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Wendy Davis' Texas filibuster puts the U.S. Senate to shame

Texan State Senator Wendy Davis was so determined to stop the passage of a bill that would have ended access to safe abortions in Texas Tuesday, that she set
State Sen. Wendy Davis (Photo by Bob Daemmrich/Corbis)
State Sen. Wendy Davis

Texan State Senator Wendy Davis was so determined to stop the passage of a bill that would have ended access to safe abortions in Texas Tuesday, that she set out to complete a 13-hour filibuster, without assistance or interruption. This was a real filibuster, not the pale shadow of the one currently practiced in the United States Senate. It was an extraordinary measure, reflected in the physical hurdles which Davis was forced to confront.

Under state senate rules, Davis had to  speak continuously and remain upright on the senate floor without pausing for bathroom or meal breaks for more than half a day. Had she paused, exited the room, or even leaned against a pillar at any point during the filibuster, it would have come to a premature end and the Texas Senate would have been able to vote on its 20-week abortion ban.

Compare that to the United States Senate, whose members can "filibuster" without even getting out of their chairs. All they have to do is ensure that the other side doesn't have the 60 votes required to bring a bill to cloture and a straight up-or-down majority vote.

"Under the current rules, a few senators can basically threaten to filibuster and then the burden is on the majority to gather a supermajority vote," said Brennan Center senior counsel Diana Kasdan, co-author of two reports on "filibuster abuse." She said that these threats of intent to filibuster are "often done very informally, [by] an email or a call-in."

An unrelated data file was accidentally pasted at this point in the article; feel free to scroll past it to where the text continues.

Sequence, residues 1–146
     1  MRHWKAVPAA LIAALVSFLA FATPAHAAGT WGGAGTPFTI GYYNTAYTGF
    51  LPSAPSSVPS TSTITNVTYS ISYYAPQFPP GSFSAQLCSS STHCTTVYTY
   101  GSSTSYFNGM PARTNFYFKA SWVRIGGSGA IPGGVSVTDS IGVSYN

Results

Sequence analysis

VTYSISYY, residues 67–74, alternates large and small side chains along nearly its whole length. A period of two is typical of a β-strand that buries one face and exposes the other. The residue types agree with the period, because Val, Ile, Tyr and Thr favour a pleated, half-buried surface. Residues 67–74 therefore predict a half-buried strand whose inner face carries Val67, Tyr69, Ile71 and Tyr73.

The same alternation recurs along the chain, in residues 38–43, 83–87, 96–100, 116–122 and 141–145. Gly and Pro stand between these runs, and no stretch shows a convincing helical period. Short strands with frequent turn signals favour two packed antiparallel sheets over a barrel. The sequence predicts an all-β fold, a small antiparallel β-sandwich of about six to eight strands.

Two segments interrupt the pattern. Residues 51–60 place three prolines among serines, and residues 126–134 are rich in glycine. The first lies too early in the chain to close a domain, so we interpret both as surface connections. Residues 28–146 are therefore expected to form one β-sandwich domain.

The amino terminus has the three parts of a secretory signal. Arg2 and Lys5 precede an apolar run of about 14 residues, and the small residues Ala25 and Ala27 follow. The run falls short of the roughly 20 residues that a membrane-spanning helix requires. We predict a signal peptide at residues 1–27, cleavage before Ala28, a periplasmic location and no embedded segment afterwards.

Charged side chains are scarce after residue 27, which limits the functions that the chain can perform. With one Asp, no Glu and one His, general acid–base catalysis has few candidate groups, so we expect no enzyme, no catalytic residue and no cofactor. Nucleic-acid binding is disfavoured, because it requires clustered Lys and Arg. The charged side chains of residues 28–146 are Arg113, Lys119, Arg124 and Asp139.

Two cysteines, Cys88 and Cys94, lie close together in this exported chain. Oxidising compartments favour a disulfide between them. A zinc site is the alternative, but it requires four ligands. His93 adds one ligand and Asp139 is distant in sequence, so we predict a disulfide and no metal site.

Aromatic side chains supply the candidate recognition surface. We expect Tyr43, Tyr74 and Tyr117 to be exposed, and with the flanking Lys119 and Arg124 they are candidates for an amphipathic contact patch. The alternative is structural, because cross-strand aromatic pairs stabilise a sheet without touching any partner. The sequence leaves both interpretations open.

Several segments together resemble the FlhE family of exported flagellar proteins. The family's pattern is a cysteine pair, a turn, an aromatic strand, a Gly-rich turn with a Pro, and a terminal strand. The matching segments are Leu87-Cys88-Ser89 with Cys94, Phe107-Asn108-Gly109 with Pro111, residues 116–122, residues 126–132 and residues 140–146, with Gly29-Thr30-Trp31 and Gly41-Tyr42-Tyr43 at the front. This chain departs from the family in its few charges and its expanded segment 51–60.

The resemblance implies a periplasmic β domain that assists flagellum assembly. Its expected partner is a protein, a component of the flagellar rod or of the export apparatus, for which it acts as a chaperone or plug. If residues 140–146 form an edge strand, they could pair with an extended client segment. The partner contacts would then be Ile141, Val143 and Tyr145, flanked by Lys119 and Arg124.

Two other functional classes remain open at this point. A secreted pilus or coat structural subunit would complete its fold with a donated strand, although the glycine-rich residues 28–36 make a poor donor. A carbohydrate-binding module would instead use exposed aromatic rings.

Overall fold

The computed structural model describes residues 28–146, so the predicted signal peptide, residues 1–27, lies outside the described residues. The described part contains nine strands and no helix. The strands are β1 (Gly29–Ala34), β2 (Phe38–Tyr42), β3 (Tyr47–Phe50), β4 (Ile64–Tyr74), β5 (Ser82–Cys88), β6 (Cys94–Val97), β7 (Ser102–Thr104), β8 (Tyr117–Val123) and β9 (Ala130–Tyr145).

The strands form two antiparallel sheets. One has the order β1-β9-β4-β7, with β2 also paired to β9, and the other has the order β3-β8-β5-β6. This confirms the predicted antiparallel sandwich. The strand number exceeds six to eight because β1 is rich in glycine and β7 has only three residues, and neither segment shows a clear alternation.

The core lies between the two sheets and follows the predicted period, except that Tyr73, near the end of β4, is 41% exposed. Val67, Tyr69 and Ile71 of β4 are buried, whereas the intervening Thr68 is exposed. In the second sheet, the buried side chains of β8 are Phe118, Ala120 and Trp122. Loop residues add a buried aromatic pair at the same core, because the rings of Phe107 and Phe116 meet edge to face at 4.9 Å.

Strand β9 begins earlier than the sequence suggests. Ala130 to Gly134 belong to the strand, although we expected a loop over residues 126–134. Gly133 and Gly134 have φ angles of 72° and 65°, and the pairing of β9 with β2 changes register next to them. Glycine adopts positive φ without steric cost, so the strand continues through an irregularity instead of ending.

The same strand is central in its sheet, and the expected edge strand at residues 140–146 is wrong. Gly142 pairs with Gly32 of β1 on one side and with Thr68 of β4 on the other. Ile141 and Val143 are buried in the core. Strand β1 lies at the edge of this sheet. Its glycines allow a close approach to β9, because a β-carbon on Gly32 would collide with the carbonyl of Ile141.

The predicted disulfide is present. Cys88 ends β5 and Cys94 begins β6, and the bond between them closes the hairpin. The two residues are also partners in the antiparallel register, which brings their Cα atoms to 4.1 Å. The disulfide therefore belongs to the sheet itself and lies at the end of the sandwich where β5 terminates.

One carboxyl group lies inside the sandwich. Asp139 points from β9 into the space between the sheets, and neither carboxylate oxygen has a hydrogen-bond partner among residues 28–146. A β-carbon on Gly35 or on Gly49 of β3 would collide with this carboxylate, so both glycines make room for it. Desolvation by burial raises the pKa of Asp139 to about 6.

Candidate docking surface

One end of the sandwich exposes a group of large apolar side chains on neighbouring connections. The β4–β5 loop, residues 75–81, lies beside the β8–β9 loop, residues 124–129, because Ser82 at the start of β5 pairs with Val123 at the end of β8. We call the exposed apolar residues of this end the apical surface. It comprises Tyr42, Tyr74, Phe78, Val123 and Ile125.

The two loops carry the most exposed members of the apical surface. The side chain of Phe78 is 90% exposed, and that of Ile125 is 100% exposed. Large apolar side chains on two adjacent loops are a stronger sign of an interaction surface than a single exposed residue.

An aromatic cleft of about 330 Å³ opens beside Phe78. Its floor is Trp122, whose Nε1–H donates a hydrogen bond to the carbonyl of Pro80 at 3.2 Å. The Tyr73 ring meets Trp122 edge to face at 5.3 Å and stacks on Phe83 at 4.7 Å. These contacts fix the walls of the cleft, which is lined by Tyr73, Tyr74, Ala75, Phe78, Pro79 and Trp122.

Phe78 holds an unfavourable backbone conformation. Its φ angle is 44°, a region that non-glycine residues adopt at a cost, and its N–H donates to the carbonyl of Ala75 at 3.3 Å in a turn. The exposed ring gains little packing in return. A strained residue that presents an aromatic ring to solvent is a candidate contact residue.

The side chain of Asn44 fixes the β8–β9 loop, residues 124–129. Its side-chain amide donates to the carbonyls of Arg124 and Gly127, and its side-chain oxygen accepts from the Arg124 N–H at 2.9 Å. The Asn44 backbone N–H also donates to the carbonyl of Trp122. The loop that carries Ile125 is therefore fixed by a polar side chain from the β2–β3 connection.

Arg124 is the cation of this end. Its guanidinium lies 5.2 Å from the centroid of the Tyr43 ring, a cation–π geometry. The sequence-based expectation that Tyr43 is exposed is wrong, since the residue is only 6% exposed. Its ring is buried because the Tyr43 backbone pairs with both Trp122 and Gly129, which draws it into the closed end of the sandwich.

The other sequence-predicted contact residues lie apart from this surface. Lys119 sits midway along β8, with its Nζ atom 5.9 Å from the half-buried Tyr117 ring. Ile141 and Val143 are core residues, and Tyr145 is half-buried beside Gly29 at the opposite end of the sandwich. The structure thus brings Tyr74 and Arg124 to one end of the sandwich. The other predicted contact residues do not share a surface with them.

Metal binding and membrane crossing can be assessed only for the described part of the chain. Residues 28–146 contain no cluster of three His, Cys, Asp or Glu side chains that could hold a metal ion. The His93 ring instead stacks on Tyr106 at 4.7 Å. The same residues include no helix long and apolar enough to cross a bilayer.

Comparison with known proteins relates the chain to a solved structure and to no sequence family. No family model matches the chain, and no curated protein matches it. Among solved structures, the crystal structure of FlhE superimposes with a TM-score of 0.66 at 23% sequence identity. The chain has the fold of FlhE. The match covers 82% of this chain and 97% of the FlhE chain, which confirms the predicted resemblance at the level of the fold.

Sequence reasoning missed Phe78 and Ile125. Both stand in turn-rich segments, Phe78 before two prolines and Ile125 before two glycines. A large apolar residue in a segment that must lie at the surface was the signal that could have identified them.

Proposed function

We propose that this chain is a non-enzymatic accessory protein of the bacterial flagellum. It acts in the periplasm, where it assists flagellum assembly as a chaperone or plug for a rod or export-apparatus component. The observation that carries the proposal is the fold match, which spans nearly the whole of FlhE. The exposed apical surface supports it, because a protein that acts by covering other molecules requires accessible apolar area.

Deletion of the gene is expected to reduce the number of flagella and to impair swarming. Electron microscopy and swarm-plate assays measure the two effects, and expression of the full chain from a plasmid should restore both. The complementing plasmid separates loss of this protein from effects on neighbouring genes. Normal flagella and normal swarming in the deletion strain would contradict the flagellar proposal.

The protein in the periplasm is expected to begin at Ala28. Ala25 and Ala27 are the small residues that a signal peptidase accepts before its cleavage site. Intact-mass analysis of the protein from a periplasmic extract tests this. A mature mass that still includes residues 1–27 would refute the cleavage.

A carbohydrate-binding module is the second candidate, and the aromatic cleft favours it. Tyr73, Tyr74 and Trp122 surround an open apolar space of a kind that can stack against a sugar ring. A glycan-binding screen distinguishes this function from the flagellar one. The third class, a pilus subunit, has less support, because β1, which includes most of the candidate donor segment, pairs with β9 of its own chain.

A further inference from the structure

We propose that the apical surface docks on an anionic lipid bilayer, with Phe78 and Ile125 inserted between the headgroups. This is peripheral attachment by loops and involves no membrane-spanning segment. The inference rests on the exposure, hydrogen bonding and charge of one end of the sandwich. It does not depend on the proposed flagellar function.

Because a filibuster threat is so easy to make, their use has skyrocketed since the early 1970s. Senate majority leader Harry Reid, who unveiled a lukewarm reform to Senate filibuster rules in January, tweeted that Davis was "engaged in the kind of filibuster I can support."

The rare exceptions are those filibusters during which U.S. senators voluntarily do what Davis did, and spend hours speaking on the Senate floor. There have only been a couple of high-profile filibusters of that kind in recent years: An eight-and-a-half hour tax bill filibuster by Vermont's Independent Sen. Bernie Sanders in December of 2010 where he railed against skyrocketing income inequality; and a March filibuster of CIA director John Brennan's confirmation by Republican Sen. Rand Paul of Kentucky, who spent more than twelve hours criticizing President Obama's drone warfare programs.

Rand Paul's filibuster "drew mass public attention and really elevated the debate on the substance of the issue," said Kasdan. She argued that such filibusters are fundamentally more democratic than the type more frequently practiced in the current U.S. senate, because they allow the public to hear what concerns would drive the minority to take such measures.

"Right now in the Senate we don't know why a measure isn't being voted on or why there's a filibuster, and we know it's often for the purposes of obstruction," she said. "No one's raising a particular concern about the legislation."

Davis, on the other hand, was forced to spend hours upon hours raising concerns. In fact, state senate rules forbid her from straying off-topic during her floor speech. The filibuster came to a premature end at the eleven hour mark when the senate ruled she had wandered away from the topic of the anti-abortion law, though she was still successful in preventing  a vote before the official end of the legislative session.

To be sure, her day-long effort, which was cheered on by hundreds of supporters at the State capitol may have just brought on a temporary reprieve for the bill. Texas Rep. Gov. Rick Perry can still call a special session to vote on the bill.